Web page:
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Nutter Bank Report, November 2012

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11.30.2012 | Legal Update

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1. Agencies Provide Guidance on Standards of Creditworthiness for Investment Securities
2. Division of Banks Proposes New Mortgage Servicing and Debt Collection Rules
3. Interagency Statement Explains New Procedures for Troubled Bank Charter Flips
4. FFIEC Revises Guidance on Supervision of Technology Service Providers
5. Other Developments: Regulatory Capital, Deposit Insurance and Mortgage Disclosures

1. Agencies Provide Guidance on Standards of Creditworthiness for Investment Securities

The FDIC and the Federal Reserve have issued guidance letters to remind depository institutions that, effective January 1, 2013, they may no longer rely solely on credit ratings issued by nationally recognized statistical rating organizations to determine whether a particular security is permissible for investment. The letters, Federal Reserve Supervision and Regulation Letter No. SR 12-15 (November 15, 2012) and FDIC Financial Institution Letter No. FIL-48-2012 (November 16, 2012), provide guidance on due diligence requirements that apply to a determination that a security is an eligible investment under recent OCC amendments to its investment securities regulation. The OCC issued a final rule and related guidance on June 4 that removes references to credit ratings in OCC regulations for national banks pertaining to investment securities, as required by Section 939A of the Dodd-Frank Wall Street Reform and Consumer Protection Act of 2010 (“Dodd-Frank Act”). The OCC investment securities regulation also applies to federal and state savings associations and state banks. State banks are subject to the same limitations and conditions with respect to the purchasing, selling, underwriting, and holding of investment securities as national banks under part 362 of the FDIC’s regulations for insured state banks, and under the Federal Reserve’s Regulation H for state member banks. Investments in corporate debt securities by federal and state savings associations are subject to the requirements of a final rule adopted by the FDIC on July 18, which is largely consistent with the OCC final rule and related guidance regarding due diligence considerations and creditworthiness standards for investment securities.

    Nutter Notes: Section 939A of the Dodd-Frank Act requires each federal banking agency to remove references to, and requirements of reliance on, external credit ratings in any regulation issued by the agency that requires the assessment of the creditworthiness of a security or money market instrument. The OCC revised its rule governing securities eligible for investment by removing references to external credit ratings and generally requiring national banks to make assessments of a security’s creditworthiness to determine whether it is “investment grade.” Under the revised OCC rule, a security meets the investment grade test only if the issuer has an adequate capacity to meet its financial commitments under the security for the projected life of the asset or exposure. The OCC rule provides that the issuer has an adequate capacity to meet financial commitments if the risk of default by the obligor is low and the full and timely repayment of principal and interest is expected. The OCC said that it expects national banks to consider a number of factors in making the determination that a security is investment grade under the new standard. While a national bank may continue to take into account external credit ratings and assessments as a valuable source of information, the bank is expected to supplement these ratings with due diligence processes and additional analyses appropriate for the bank’s risk profile and for the size and complexity of the instrument. Investments in securities by federal and state savings associations and state banks are required to comply with the revised OCC rule and should also meet the supervisory expectations set forth in the OCC investment guidance, according to the FDIC and the Federal Reserve.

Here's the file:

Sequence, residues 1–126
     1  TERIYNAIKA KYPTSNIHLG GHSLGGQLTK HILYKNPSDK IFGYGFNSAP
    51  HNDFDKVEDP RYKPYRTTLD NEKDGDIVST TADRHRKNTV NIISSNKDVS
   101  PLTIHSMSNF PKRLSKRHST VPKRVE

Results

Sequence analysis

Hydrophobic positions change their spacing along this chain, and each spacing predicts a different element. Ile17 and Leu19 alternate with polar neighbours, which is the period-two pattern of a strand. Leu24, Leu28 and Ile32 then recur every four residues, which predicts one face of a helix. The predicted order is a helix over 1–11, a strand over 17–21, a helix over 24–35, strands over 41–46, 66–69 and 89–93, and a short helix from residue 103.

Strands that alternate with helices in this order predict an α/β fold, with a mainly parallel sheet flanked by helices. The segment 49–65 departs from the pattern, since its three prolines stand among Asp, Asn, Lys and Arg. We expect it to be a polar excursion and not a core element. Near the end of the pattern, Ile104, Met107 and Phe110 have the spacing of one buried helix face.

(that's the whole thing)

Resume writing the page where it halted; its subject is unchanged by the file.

2. Division of Banks Proposes New Mortgage Servicing and Debt Collection Rules

The Massachusetts Division of Banks (“DOB”) has proposed amendments to its debt collection and loan servicing regulation to address unfair mortgage loan servicing practices. The proposed amendments released on November 8 would require mortgage servicers to explore loss mitigation options to avoid foreclosure. Though exempt from debt collector and loan servicer licensing and registration requirements, banks are subject to the provisions of the DOB’s regulation governing fair debt collection and loan servicing practices, which would include the proposed mortgage loan servicing standards. According to the DOB, the amended regulations were proposed in coordination with the foreclosure prevention law signed by Governor Patrick in August, which amended Chapter 244, Section 35A of the General Laws of Massachusetts to require creditors to take reasonable steps to avoid foreclosure for certain mortgage loans. The proposed amendments would expand the limitations on debt collection contacts with a consumer to include cellular telephone and text messaging, amend the definition of “debt collector” to include so-called active debt buyers, and clarify the definition of net worth for debt collectors. The DOB held a public hearing on the proposed amendments on November 29, and written comments on the proposed amendments may be submitted to the DOB until December 6, 2012.